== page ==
The Bayan Airag Volcanogenic Massive Sulfide Deposit, Western Mongolia

CIM Vancouver 2006
Paul Zweng, Jim Franklin,
Abstract QGX Ltd.’s 80%-owned Golden Hills Cu-Au-Ag massive sulphide project is located in the Savkhan province of western Mongolia. The principle deposit at Golden Hills is the Central Valley Zone (CVZ) consisting of three ore types: (1) Cu-Au-Ag contained in volcanogenic massive sulphide (VMS), (2) Au-Ag contained in oxide (gossan), and (3) Au-Ag contained in high-grade quartz-telluride veins (HGQT) cutting (1) and (2). An independent NI 43-101 resource estimate for these mineralization types indicated: Measured and Indicated: 10.16 million tonnes massive sulphide grading 1.72 % copper, 0.39 g/t gold and 5.4 g/t silver, 3.1 million tonnes of oxide grading 2.83 g/t gold and 18.9 g/t silver, and Inferred: 696,000 tonnes in the CVZ high-grade quartz-telluride grading 19.63 g/t gold and 35.0 g/t silver.

QGX during late 2002 to early 2005 drilled 131 diamond drill holes (33,640 m) in the CVZ guided by electromagnetic and induced polarization geophysical surveys as well as geological mapping to outline these potentially significant deposits..

The massive sulphide at the CVZ is hosted in the Proterozoic Shuvuun formation consisting of greenschist metavolcanic and metavolcaniclastic rocks of intermediate to felsic composition. Multiple massive pyritic sulphide horizons occur over a strike length of 1200 m and range up to 130 m thick. The deposit forms a monoclinal sequence dipping from 0 to -70 degrees to the north (avg. dip is 55 degrees).

There are two principle massive sulphide deposits: the North Zone and the South Zone. The North Zone consists of two pyritic massive sulphide horizons denoted as Upper and Lower. The Upper Zone lies 80-90 m below a thick basalt horizon in a dominantly chlorite altered assemblage of quartz phyric felsic to intermediate metavolcanic rocks. The Upper North Zone averages 90m thick, is composed of +90% pyrite with accessory quartz, carbonate, clay and gypsum or barite. Copper mineralisation in the form of chalcopyrite is restricted almost entirely to this zone, concentrated within the upper third of the horizon. Gold values within the copper zone locally average 1 g/t but generally are from 0.2-0.5 g/t. Immediately below the base of oxidation is a supergene copper blanket up to 15m thick grading up to 8% Cu. The Lower North Zone is separated by 40-80m of intensely altered schist. The Lower Zone contains mostly pyrite with only sporadic chalcopyrite and trace gold values. Both Upper and Lower North zones are partially enveloped by HGQT mineralisation.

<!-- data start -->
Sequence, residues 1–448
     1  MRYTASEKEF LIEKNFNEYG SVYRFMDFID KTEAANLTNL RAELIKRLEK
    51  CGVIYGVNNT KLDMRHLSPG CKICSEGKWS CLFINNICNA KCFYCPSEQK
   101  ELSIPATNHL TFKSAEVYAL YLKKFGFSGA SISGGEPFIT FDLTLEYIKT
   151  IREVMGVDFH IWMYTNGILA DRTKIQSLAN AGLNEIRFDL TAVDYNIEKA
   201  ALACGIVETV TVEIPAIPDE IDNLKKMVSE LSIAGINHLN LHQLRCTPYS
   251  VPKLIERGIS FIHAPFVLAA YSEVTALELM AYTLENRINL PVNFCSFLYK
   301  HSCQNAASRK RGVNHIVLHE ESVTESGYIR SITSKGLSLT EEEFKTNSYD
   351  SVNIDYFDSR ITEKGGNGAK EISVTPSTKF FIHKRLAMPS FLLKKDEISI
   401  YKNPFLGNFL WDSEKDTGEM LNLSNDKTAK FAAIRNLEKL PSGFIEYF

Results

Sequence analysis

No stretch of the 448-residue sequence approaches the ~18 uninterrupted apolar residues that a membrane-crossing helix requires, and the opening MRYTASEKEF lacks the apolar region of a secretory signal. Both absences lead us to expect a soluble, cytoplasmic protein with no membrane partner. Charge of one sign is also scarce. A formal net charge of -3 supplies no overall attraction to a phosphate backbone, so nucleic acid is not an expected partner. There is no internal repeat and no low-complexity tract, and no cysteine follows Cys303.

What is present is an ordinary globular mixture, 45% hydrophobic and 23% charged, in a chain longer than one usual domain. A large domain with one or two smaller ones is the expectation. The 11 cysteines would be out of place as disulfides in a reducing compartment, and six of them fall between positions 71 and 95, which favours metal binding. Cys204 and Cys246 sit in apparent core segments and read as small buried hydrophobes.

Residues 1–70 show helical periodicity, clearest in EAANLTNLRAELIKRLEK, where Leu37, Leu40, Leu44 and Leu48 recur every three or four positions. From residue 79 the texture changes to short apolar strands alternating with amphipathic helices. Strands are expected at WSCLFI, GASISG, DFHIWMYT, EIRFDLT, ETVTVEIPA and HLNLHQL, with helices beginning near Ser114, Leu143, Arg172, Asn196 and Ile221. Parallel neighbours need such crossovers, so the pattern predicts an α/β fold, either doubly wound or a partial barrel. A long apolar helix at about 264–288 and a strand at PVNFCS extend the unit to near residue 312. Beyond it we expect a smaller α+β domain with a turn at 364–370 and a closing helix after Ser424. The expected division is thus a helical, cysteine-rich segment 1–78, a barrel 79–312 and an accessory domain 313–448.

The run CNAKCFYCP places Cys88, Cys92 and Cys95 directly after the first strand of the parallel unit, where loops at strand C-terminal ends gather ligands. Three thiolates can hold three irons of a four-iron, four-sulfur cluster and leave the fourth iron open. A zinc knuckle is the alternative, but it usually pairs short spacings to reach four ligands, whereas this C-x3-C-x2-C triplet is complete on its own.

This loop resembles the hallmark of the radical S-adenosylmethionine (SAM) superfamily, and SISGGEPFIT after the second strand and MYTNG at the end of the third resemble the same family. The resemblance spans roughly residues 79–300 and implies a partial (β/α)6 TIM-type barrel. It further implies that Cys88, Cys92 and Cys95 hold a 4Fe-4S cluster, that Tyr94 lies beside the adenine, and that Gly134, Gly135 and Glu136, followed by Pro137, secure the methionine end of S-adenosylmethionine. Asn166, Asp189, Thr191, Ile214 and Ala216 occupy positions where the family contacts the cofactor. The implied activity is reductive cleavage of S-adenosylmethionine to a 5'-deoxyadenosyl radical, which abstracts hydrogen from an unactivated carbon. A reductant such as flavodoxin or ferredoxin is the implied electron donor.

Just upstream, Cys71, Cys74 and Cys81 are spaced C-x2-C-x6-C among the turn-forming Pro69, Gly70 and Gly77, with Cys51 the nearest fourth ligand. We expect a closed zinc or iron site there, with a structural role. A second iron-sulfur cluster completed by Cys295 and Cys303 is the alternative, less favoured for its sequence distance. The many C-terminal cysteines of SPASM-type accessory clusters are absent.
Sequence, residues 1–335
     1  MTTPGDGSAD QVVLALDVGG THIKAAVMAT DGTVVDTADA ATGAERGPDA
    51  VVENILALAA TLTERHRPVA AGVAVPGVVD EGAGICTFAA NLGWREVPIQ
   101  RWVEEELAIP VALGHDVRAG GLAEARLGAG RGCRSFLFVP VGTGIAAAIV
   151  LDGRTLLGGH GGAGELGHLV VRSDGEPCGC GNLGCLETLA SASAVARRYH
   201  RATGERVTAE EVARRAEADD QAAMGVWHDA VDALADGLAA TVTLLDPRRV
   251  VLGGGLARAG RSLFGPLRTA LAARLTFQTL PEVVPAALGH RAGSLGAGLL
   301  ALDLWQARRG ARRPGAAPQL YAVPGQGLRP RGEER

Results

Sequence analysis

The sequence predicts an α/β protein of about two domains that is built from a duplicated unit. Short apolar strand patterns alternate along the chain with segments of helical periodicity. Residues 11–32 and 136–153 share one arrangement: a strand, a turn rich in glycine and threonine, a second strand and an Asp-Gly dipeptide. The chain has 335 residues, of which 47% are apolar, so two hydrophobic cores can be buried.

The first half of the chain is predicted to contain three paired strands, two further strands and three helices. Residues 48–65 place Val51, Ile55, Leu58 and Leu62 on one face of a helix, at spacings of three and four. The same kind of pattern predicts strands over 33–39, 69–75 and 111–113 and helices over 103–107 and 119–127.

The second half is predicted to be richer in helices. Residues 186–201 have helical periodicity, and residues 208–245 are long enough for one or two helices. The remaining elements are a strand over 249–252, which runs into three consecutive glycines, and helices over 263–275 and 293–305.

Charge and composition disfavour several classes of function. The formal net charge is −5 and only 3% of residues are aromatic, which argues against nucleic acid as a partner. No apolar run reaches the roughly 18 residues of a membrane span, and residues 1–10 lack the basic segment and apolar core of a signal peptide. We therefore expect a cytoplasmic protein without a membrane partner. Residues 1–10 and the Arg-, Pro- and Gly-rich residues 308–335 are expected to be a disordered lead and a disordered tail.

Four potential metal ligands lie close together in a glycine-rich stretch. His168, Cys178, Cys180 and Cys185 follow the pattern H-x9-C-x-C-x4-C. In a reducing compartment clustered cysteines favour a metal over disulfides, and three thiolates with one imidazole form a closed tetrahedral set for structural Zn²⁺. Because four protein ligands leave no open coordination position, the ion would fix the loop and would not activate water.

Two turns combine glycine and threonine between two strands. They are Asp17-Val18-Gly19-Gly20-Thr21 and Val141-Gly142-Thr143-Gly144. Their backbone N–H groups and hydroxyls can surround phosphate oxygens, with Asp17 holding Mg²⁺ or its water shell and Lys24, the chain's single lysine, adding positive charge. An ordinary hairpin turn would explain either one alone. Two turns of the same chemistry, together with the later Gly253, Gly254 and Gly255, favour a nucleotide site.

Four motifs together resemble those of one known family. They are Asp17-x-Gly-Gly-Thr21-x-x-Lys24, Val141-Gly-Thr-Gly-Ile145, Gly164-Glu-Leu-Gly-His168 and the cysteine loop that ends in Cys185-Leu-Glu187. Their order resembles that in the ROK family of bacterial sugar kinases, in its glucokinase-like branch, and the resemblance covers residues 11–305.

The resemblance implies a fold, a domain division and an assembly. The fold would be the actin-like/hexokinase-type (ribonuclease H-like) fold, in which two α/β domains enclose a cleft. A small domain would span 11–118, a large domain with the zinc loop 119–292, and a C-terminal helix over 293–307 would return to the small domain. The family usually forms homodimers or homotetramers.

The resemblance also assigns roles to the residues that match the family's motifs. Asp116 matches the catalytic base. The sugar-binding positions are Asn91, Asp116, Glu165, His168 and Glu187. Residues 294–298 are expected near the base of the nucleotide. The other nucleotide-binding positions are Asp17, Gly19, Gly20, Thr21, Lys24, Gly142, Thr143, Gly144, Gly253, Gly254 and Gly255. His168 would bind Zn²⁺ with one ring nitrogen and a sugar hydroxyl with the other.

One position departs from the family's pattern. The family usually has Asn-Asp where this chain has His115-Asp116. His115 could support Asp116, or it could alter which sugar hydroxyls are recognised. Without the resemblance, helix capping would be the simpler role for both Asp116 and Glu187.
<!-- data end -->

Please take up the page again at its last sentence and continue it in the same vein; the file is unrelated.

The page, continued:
The South Zone occurs about 200 m below the North Zone. South Zone consists of massive and semi-massive pyritic lenses and horizons commonly with abundant chlorite. Occasional +90% pyrite lenses contain up to 6% Cu as chalcopyrite. Up to 12 metres of supergene copper occurs above the South Zone with up to 27% Cu locally. The North Zone MS remains open at depth over much of its strike length.

The oxide (gossan) deposits represent the weathered and oxidized portion of massive sulfide at depth. The oxide deposits extend from surface to the base of oxidation (typically 50-70 m depth) and range up to 30 m in thickness. Most massive sulphide bodies at depth are represented by a corresponding oxide body at surface containing variable amounts of gold and silver with no copper. The oxide deposits consist of a variety of black, brown and yellow goethite rich breccia, goethite and limonitic sandstone and siliceous limonitic cherty rock resembling toffee. The oxide material is typically very porous and permeable and commonly unconsolidated.

The HGQT veins occur principally around the margins of the upper and lower main North Zone massive sulfide horizons, almost entirely envelope the MS horizons. The HGQT zones average 3 m wide and consist of native tellurium and auriferous tellurium sulphides within brecciated and quartz-carbonate altered schist immediately adjacent to, or a few metres from, massive sulphide-schist contacts.

Alteration encompassing the CVZ deposits shows similarities with many other world-class VMS districts. Geochemical studies indicate sodium depleted footwall rocks with ancillary addition of potassium proximal to the North Zone (and the South Zone?) massive sulphide bodies. As with many large VMS districts, a large, locally epidotized mafic sill complex occurs within 1 km of the CVZ massive sulphide bodies within foot-wall strata and may represent the heat engine that “drove” the ore-forming hydrothermal system.

Preliminary metallurgical testing indicates that 75% of the gold contained in oxide (gossan) can be recovered from the coarse fraction, suggesting the possibility for a run-of-mine heap leach operation.. More than 94% recovery of copper is achievable from supergene massive sulphide resulting in a high-grade saleable concentrate of 31.1% copper and 90.1% recovery of copper is achievable from hypogene massive sulphide with a high grade saleable concentrate of 25.3% copper. Gold and silver recoveries of 94% and 97%, respectively, have been achieved from the HGQT veins with a concentrate grading 330 g/t gold.

Although the bulk of exploration has been conducted at the CVZ of Golden Hills, there remains within the surrounding 24 licenses held 100% by QGX an entire belt of Proterozoic rocks prospective for VMS totaling some 6400 square kilometers that have yet to receive systematic evaluation. QGX is organizing an airborne electromagnetic survey as well as geochemical surveys for 2006 to identify other potential massive sulphide bodies within the prospective Shuvuun formation in the Golden Hills area.
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